Getting the best out of an auto’ ‘box

Mark Kendrick Technique - fundamentals Leave a Comment

Here at Bespoke Driver Training we train dozens of chauffeurs and VIP close protection drivers every year, so we own an auto’ (an AMG-Mercedes, in case you were wondering) simply because it’s a required tool of our trade. However, when I’m on my own enjoying a cross-country drive I prefer a manual ‘box. Not until the anti-car lobby push to amputate enthusiastic drivers’ left leg will I choose an auto’ in preference to a car with a manual transmission – there’s just too much satisfaction to be had stirring a gearbox, matching engine speed to driven wheel speed on each synchronised down-change.

Leaving a car’s automatic transmission to select gears automatically optimises fuel consumption and refinement. As we drive, modern auto’s adapt to our driving style and road conditions, selecting the most suitable ‘map’ from the pre-programmed shift patterns. ‘Drive’ is great if we have to endure a commute through heavy city traffic. However, there are occasions when switching manually into another mode or gear offers more control.

Consider for a moment leap-frog overtaking within a line of vehicles on a two-way single carriageway road. Your intention is to overtake a vehicle or two before rejoining the queue, awaiting another opportunity to pass another dawdler. If you were to remain in ‘Drive’ using kick-down to power past, on lifting off the accelerator the gearbox may change up a gear. At a time when engine braking would be useful in assisting you to considerately blend back into the queue without showing brake lights, engine compression falls with the engine revs and you will likely need to brake to fit into the gap. Bugger. So, prior to overtaking pre-select the gear manually, thereby retaining the extra engine braking available at higher engine speeds. You’ll enjoy an instant response to the loud pedal too, as kick-down usually arrives after a momentary delay.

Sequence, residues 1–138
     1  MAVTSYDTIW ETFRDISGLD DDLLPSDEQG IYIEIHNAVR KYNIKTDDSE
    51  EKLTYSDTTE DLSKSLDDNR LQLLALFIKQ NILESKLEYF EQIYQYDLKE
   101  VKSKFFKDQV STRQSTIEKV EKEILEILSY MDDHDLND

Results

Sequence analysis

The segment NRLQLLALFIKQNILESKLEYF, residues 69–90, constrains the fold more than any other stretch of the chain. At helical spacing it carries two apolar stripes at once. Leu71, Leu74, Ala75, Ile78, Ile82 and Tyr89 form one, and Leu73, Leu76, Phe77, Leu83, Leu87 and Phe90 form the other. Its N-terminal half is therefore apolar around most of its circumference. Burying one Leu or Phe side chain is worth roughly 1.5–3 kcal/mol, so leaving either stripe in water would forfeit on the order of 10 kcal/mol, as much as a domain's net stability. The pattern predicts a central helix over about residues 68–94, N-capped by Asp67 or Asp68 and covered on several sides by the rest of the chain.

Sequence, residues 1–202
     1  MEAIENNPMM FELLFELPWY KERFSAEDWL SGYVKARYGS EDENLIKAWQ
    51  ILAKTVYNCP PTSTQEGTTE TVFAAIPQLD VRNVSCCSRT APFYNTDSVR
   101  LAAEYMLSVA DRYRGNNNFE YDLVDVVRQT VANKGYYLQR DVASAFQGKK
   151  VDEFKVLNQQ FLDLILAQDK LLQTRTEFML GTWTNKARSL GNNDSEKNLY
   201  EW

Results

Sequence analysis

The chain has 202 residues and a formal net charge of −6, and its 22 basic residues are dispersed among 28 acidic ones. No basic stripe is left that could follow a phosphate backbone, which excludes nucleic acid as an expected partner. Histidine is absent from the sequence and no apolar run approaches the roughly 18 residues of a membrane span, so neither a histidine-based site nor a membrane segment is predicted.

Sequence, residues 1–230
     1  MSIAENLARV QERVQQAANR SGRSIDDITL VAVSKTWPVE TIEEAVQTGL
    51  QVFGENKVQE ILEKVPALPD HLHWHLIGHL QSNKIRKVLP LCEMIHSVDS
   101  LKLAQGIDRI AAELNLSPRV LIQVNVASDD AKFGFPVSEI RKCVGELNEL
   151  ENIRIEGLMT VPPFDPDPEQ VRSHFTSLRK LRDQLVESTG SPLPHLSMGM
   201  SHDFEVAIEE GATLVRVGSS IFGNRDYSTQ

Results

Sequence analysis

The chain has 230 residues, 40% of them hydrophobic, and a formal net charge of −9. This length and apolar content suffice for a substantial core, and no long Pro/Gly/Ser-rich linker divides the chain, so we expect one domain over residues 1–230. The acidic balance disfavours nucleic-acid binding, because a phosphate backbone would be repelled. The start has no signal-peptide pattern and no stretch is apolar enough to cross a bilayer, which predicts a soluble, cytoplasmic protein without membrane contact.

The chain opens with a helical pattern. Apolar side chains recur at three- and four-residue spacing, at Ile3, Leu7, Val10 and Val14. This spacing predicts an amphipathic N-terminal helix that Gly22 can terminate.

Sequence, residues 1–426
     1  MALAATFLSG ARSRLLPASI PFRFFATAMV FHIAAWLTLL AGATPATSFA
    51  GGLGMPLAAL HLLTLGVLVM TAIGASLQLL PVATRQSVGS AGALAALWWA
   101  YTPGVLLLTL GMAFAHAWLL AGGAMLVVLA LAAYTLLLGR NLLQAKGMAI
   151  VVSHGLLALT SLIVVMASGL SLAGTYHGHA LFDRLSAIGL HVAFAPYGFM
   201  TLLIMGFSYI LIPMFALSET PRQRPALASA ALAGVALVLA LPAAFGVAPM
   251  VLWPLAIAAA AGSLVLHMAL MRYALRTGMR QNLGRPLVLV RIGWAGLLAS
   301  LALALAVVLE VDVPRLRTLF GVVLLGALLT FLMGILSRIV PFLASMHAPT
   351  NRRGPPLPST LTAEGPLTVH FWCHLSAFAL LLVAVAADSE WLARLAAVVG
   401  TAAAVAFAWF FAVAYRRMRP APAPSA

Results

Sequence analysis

Stringing a series of bends together using acceleration sense in preference to the brakes is aided by manually selecting another mode (‘Sport’, for example) or gear. Once again the extra engine compression is useful. Easing and squeezing the accelerator between the bends rather than accelerator and brake is more flowing, albeit the trade-off is in terms of increased fuel consumption. Particularly if the road is both twisting and undulating, retaining a lower gear helps to stop the car from running away. The car remains more responsive to your right foot.

Prior to a long, steep descent, overriding an automatic can mean retaining more control over the car’s speed. This is in contrast to manually shifting down through the gears to slow a car that has already begun to run away. The brakes are for slowing and the gears are for going, remember! So, at the top of a hill consider manually selecting a gear so that during the descent the extra engine braking reduces run-on. The extra control is especially noticeable during a winding descent.

When climbing lengthy slopes an automatic can occasionally become caught between gears. In order to maintain speed when the gradient is often changing, you’ll instinctively ease and squeeze the accelerator. An auto’ can then begin to ‘hunt’ for the best gear. In these circumstances selecting a gear manually can prevent unnecessary, irritating gearshifts.

Whilst automatic transmissions have become much more intuitive over recent years, my personal preference remains with manual transmissions. Is there treatment available for a gear-knob fetish?

Enjoy your driving,

Mark Kendrick

Share this:

Leave a Reply

This site uses Akismet to reduce spam. Learn how your comment data is processed.